Young girl in fruit section of supermarket
The UK, like many other countries in the world, is facing a health and food crisis.

As outlined in a policy paper by the Department for Health and Social Care, it is estimated that overweight and obesity related conditions cost the NHS over £6 billion a year across the four nations. This year, the Covid-19 pandemic has put public health at the top of political agendas, pushing the UK government to announce a new obesity strategy in July 2020.

This formally acknowledges the role played by obesogenic food environments in shaping consumer choices and announces a series of measures which will be implemented in the coming months, including a commitment to work with industry through the Government’s reduction and reformulation programmes. Important as it might be in addressing the state of poor diets in the UK, the new obesity strategy has been criticised by the media for not addressing underlying structural causes of nutrition insecurity such as poverty and poor education. Diets in the UK are not fit for purpose.

ATNI's partnership with ShareAction

ATNI started playing its part in tackling the UK’s diet-driven health challenges in 2019, when it partnered with ShareAction and its Healthy Markets Campaign. In September 2019, ATNI published the UK Product Profile report, rating and tracking the contribution made by major UK food manufacturers to address the nation’s food and health crises. The report found that over two thirds of products sold are classified as unhealthy, i.e. a Health Star Rating (HSR) was less than 3.5 out of 5 stars.

In March 2020, ATNI also published the UK Supermarket Spotlight, the first report to review the disclosure on nutrition, diets and health by the 10 largest UK food retailers (Aldi, Asda, Coop, Iceland, Lidl, Marks & Spencer, Morrisons, Sainsbury’s, Tesco, and Waitrose). This report revealed that no company consistently and formally reports on the indicators used for the assessment – none of the retailers thus achieved a grade of A, B or C. It is clear that the food industry can play a much greater role in promoting a shift towards healthier diets. Through its partnership with ShareAction, ATNI is currently working on its first full UK Retailer Index, to be published in early 2022 and to cover not only retailers’ reporting, but also an assessment based on their performance.

 

Results of ATNI’s reports as well as ATNI’s methodology have been used by organisations working on food and health benchmarking initiatives. Among these there is Plating Up Progress, a collaborative project started in 2018 by the Food Foundation and the Food and Climate Research Network, which aims to drive food sector businesses in the UK to promote the transition to sustainable food systems and healthy diets. The 2020 Plating Up Progress report uses information available in the public domain through companies’ reports and websites, as well as data and information gathered by other benchmarking mechanisms such as ATNI.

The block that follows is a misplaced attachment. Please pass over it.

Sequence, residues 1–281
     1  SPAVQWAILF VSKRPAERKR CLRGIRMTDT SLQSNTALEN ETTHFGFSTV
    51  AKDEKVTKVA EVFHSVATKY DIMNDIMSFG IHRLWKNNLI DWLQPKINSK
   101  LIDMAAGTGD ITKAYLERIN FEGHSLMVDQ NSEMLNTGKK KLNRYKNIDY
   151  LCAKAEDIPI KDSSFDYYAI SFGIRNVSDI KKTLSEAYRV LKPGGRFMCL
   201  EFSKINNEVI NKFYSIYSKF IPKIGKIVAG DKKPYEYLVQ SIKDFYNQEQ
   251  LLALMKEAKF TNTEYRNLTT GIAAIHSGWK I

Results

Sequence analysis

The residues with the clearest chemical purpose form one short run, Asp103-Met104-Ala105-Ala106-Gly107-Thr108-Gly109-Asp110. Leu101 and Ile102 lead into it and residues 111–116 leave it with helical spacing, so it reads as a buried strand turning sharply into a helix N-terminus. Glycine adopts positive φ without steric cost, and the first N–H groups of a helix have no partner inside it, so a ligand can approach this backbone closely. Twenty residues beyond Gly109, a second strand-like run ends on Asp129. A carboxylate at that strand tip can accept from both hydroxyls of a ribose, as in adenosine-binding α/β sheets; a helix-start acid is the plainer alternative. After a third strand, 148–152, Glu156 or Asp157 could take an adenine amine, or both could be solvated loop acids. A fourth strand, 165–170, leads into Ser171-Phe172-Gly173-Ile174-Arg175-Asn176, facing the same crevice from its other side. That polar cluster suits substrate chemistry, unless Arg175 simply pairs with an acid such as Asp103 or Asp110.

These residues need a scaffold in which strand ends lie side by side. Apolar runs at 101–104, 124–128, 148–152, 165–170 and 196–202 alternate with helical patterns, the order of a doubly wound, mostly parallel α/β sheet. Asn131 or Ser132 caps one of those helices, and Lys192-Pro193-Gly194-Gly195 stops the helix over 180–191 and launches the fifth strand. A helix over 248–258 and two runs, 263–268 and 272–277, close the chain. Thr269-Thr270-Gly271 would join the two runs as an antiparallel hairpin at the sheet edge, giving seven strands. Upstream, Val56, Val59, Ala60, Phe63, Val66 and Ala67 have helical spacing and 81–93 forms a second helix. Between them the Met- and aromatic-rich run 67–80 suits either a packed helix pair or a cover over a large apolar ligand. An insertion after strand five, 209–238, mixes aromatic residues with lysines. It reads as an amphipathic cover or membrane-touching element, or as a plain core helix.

In this 2020 analysis, Plating Up Progress investigates targets and performance of 26 major UK-operating food businesses, covering supermarkets (the same ones ATNI assessed ), quick-service restaurants, contract caterers, and casual dining and food chains. For its project, the Food Foundation decided to focus on consumer-facing operations as these “are in a unique position to influence the required transitions in consumption and production, being both gatekeepers to our diets and the funnel through which most commercially produced food is channelled.” This statement strongly resonates with ATNI’s aim to drive private sector’s performance on healthy, affordable diets through evidence-based accountability tools.

Plating Up Progress 2020

Plating Up Progress assesses companies on a wide range of issues, which are subdivided into three categories aligning with key topics in the World Benchmarking Alliance’s Food and Agriculture Benchmark.

After publishing two in-depth reports in 2019 (Part 1 and Part 2), results of the 2020 analysis have been displayed through an interactive dashboard (right). The section on retailers includes not only a graphic display of individual company performances, but also a traffic light scorecard which allows comparison of performance across categories as well as companies.

The output of Plating Up Progress 2020, perhaps most importantly, also includes a ‘leadership’ profile outlining best performances across the sector and categories. This is an extremely useful tool for stakeholders, especially investors and policymakers, to establish achievable targets and goals to drive the transition towards more sustainable food systems and healthy diets.

 

As emphasised in part one of the UK National Food Strategy published earlier this year, ‘there is a lot of work to do if we are to rebuild a food system that delivers safe, healthy, affordable food to everyone […] This work must start now.’ ATNI hopes that benchmarking initiatives such as Plating Up Progress, as well as ATNI’s forthcoming 2022 UK Retailer Index, will inspire and guide the food industry with this task.

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